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Lee So-yeon makes her slightly thin character memorable through considerable screen presence, while Jang Hyun-seong of independent films Nabi and Rewind gives the performance of his career.Whatever we feel about the character he portrays, Jang's performance is so real and natural that we can't help but be drawn to him.Although the general path followed by the plot is pretty straightforward, Song leads us down many odd and fascinating detours.There is So-yeon's uncle, a middle-aged man with bleached blonde hair who hasn't spoken since his wife abandoned him.To capture a natural setting so well on a medium that often feels cold and sterile is an unusual accomplishment.The relaxed, convincing performances of the actors also deserve notice.In Song's other works, such elements sometimes feel forced or self-consciously arty, but here they blend with the otherworldly presence of the island and add a sense of mystery.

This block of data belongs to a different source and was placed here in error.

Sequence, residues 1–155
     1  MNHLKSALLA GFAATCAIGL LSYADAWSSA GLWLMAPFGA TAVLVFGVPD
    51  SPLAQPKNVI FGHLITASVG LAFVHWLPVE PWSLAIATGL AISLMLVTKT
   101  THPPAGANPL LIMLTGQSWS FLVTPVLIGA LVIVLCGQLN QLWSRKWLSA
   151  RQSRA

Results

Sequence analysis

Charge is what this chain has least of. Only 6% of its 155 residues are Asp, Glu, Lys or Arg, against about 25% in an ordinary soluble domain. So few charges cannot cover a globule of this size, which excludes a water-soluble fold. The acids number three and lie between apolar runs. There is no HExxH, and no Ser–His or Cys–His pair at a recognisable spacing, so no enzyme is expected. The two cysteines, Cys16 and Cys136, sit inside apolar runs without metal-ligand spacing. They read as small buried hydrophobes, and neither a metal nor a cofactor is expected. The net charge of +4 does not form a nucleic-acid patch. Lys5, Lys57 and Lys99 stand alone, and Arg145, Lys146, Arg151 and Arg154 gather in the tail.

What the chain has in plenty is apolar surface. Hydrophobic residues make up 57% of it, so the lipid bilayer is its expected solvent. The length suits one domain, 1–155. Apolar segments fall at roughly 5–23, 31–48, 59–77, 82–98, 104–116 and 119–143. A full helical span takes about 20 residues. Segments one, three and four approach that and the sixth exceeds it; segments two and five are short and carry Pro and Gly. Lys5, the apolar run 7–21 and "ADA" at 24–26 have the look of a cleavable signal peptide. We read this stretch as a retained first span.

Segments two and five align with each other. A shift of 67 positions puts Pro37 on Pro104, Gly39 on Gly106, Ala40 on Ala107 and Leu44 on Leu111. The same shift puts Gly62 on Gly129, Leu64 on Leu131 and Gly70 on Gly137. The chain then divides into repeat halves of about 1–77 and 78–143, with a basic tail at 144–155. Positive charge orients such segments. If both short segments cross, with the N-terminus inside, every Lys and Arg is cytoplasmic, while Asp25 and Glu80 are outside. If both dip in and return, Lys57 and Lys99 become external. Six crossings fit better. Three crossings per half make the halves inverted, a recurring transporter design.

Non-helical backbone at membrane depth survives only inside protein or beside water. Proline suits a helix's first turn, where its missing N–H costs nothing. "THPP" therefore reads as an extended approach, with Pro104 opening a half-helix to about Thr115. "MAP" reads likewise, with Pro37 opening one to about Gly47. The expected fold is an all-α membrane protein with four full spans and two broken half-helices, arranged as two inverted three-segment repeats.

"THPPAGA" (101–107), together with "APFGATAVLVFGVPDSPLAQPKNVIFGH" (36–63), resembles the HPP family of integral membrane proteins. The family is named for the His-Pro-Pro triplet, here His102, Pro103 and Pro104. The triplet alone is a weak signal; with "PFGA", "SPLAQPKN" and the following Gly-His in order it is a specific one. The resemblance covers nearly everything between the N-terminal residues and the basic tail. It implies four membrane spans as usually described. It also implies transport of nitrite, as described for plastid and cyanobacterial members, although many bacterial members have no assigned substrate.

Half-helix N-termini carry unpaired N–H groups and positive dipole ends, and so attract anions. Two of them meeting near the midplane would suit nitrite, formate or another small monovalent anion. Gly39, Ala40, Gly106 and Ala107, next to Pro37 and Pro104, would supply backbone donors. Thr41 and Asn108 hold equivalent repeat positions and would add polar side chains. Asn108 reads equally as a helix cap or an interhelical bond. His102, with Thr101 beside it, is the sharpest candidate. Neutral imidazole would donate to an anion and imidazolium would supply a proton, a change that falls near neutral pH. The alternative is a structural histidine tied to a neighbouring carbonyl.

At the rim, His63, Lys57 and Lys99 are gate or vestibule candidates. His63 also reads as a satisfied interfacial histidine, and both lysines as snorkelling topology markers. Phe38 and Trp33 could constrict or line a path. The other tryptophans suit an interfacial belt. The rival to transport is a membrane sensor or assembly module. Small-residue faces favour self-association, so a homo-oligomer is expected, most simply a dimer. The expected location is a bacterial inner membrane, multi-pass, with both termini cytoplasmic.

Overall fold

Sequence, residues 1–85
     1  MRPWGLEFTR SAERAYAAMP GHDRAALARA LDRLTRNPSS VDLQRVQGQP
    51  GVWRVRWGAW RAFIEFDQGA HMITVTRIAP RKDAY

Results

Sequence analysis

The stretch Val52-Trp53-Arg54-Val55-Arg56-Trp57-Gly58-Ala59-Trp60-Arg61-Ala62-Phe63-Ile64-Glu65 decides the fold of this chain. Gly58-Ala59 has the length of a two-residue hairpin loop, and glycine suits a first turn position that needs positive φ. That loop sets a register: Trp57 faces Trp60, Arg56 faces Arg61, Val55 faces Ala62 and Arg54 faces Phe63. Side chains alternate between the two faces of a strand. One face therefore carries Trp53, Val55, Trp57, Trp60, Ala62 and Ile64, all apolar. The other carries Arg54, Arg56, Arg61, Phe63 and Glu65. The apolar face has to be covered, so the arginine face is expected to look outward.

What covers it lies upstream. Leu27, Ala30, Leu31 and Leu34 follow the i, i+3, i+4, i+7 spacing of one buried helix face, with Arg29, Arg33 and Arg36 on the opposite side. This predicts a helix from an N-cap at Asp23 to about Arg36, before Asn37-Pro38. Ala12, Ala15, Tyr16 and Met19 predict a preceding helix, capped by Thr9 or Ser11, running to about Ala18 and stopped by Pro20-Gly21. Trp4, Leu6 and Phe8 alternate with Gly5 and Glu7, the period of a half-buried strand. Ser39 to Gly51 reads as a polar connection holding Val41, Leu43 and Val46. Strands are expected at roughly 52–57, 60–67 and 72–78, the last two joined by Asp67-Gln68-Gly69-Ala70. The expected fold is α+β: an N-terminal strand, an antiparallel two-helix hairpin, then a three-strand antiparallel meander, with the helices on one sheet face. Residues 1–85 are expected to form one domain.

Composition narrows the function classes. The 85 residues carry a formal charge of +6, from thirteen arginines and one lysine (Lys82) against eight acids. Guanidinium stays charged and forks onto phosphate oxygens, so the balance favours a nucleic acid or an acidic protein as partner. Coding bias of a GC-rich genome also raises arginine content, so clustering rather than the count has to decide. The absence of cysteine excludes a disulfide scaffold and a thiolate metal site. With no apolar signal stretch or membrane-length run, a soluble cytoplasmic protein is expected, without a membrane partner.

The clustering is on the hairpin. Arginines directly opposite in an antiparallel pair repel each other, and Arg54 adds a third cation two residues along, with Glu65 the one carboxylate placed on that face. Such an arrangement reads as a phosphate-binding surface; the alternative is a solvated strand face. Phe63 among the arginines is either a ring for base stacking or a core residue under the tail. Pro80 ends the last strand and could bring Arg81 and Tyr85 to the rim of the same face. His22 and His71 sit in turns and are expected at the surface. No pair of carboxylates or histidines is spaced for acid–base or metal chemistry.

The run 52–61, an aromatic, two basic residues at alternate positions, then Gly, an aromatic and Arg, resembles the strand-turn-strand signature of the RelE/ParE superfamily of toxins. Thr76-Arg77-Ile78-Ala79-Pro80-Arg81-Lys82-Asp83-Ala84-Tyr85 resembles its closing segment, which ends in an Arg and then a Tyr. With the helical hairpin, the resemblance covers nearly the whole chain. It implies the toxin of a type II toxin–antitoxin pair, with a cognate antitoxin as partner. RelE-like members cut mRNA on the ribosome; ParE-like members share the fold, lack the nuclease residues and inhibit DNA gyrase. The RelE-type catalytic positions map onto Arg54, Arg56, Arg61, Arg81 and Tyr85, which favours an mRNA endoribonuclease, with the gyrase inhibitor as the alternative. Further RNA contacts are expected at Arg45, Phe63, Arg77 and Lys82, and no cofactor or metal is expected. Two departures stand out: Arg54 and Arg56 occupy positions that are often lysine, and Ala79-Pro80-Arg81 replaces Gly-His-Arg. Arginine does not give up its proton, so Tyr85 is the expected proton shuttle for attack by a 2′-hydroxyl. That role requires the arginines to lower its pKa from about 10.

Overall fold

Although it did open in the number two seat slightly behind Another Public Enemy, word of mouth soon launched it into the number one position during its second week.

As an omnibus work, 1.3.6 has to be considered a failure, especially as the three films (Jang's amusing Sonagi Epilogue, Lee's poorly-received Mobius Strip, and Song's poetic Git) don't match, not just in length but in form, content, mood, style, and quality.

But if Song betrayed the spirit of the omnibus project, he remained true to the needs of his film.

This may have been what happened with Git by Song Il-gon, the director of Flower Island (2001), Spider Forest (2004), and various award-winning short films including The Picnic (1999).

Git was originally commissioned as a 30-minute segment of the digital omnibus film 1.3.6.

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